What is Grief Really About? – A Thought-Provoking Perspective on Grief



We never feel grief when we lose something that we have allowed to be free, that we have never attempted to possess. Grief is a sign that I made my happiness depend on this thing or person, at least to some extent. We’re so accustomed to hear the opposite of this that what I say sounds inhuman, doesn’t it? – Anthony de Mello

We may believe we are rational beings, but when we look at how people react in a variety of situations, we clearly see that it is not the case! We are told that it is natural to get angry in such or such situations or that in other situations we should feel sad. In fact, our emotional reactions are mostly the result of social conditioning. One of the biggest and most pernicious lies we have been made to believe is that we should feel good when people approve of us and feel bad when people disapprove of us. Does our self-worth really depend on how people around us perceive us? Do we automatically have to feel good when people praise us and feel bad when they criticize us?

One of the best ways we can bring awareness in our life is by observing carefully how we react in our daily life. Each emotion is a opportunity for us to better understand ourselves. It is through awareness that real changes take place. For instance, observe how you react to praise. Does it make you feel good? Why? What does it tell you about yourself?

In this thought-provoking article I would like to talk about grief and challenge our common assumptions about this experience. What is grieving really about? How much grief is necessary? How much of it is the result of social conditioning? Can we lessen our sufferings?

Warning: you may find this article controversial. However, I hope that this article will offer you a different perspective on grief and a better understanding of how it works.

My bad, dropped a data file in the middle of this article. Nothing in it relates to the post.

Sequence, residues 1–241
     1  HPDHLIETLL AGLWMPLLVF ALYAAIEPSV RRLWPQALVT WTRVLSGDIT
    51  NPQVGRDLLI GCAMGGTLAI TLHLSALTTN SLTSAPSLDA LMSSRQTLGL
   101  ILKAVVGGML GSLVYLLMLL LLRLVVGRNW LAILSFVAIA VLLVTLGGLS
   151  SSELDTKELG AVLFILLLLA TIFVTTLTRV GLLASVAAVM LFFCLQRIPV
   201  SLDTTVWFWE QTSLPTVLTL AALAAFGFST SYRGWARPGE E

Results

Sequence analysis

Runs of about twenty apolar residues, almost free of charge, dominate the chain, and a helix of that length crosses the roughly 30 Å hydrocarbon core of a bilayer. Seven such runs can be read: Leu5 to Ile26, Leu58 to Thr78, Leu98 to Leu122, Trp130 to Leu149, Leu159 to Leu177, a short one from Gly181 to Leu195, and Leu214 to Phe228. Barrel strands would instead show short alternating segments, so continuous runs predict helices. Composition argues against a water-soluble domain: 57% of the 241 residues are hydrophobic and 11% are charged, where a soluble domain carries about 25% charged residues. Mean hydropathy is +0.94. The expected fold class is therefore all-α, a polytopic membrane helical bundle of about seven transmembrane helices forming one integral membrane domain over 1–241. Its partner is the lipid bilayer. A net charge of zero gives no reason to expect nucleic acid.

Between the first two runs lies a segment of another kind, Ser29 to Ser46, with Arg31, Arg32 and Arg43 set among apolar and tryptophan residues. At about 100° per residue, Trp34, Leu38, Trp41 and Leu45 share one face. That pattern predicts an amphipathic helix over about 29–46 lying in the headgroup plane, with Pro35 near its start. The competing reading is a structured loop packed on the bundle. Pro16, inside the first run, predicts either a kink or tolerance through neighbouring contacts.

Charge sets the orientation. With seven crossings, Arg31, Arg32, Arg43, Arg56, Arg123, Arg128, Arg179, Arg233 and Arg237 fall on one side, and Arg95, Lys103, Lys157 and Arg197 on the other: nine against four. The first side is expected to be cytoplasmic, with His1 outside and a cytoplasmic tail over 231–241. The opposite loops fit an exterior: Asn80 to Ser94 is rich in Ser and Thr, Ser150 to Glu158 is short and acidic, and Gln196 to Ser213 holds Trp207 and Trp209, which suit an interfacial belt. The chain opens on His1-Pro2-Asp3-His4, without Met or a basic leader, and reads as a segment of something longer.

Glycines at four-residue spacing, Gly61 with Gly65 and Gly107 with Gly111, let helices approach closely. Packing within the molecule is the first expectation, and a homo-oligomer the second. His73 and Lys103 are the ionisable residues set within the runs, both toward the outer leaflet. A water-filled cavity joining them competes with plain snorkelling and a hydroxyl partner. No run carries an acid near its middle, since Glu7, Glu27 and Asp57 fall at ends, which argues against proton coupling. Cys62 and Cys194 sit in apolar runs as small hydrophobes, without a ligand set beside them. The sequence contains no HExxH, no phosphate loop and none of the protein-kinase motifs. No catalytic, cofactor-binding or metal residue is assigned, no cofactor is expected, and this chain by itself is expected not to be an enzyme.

N.B. What I mention in this article is the result of my personal opinion. I have no degree in psychology and I’m not a psychotherapist. Stay open-minded, ask yourself if what I am saying make sense to you or not. You can take some of the things I say or just ignore them.

What are we grieving?

Have you ever wondered why you grieve? What are you actually grieving? Who are you really sad for? For the dead person? No. The dead person is dead. Why do you want to be sad for him or her? You might say to yourself: “He/she was so young, he/she didn’t have the chance to experience X, Y, Z” but for the dead person it makes no sense! When you grieve you are most likely sad for yourself!

In our societies, there is this totally unchallenged assumption that the normal reaction to someone’s death is grieving. However, what you must understand is that, in human history, nobody’s death has ever caused grieving. Ever! Grieving is always in you, not in the person’s death. The reality is that you choose to upset yourself and grieve on the occasion of the death of someone you were close to. Don’t get me wrong, I’m not blaming anyone, I’m just underlying a simple fact: negative feelings don’t exist in reality, they only exist in our mind. The good news is that, since the grief comes only from within, we have some control over it.